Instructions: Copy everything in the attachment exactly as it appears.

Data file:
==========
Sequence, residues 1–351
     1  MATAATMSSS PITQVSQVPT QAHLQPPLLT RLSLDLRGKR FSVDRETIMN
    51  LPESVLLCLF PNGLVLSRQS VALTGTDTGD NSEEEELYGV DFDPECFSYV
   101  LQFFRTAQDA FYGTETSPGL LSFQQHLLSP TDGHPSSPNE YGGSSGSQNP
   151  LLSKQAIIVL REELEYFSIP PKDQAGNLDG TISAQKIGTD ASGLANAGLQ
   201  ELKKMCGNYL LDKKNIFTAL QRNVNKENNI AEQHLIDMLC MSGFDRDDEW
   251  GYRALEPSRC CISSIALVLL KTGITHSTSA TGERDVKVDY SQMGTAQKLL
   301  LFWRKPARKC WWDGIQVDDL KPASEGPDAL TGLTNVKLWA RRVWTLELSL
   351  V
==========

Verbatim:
Sequence, residues 1–351
     1  MATAATMSSS PITQVSQVPT QAHLQPPLLT RLSLDLRGKR FSVDRETIMN
    51  LPESVLLCLF PNGLVLSRQS VALTGTDTGD NSEEEELYGV DFDPECFSYV
   101  LQFFRTAQDA FYGTETSPGL LSFQQHLLSP TDGHPSSPNE YGGSSGSQNP
   151  LLSKQAIIVL REELEYFSIP PKDQAGNLDG TISAQKIGTD ASGLANAGLQ
   201  ELKKMCGNYL LDKKNIFTAL QRNVNKENNI AEQHLIDMLC MSGFDRDDEW
   251  GYRALEPSRC CISSIALVLL KTGITHSTSA TGERDVKVDY SQMGTAQKLL
   301  LFWRKPARKC WWDGIQVDDL KPASEGPDAL TGLTNVKLWA RRVWTLELSL
   351  V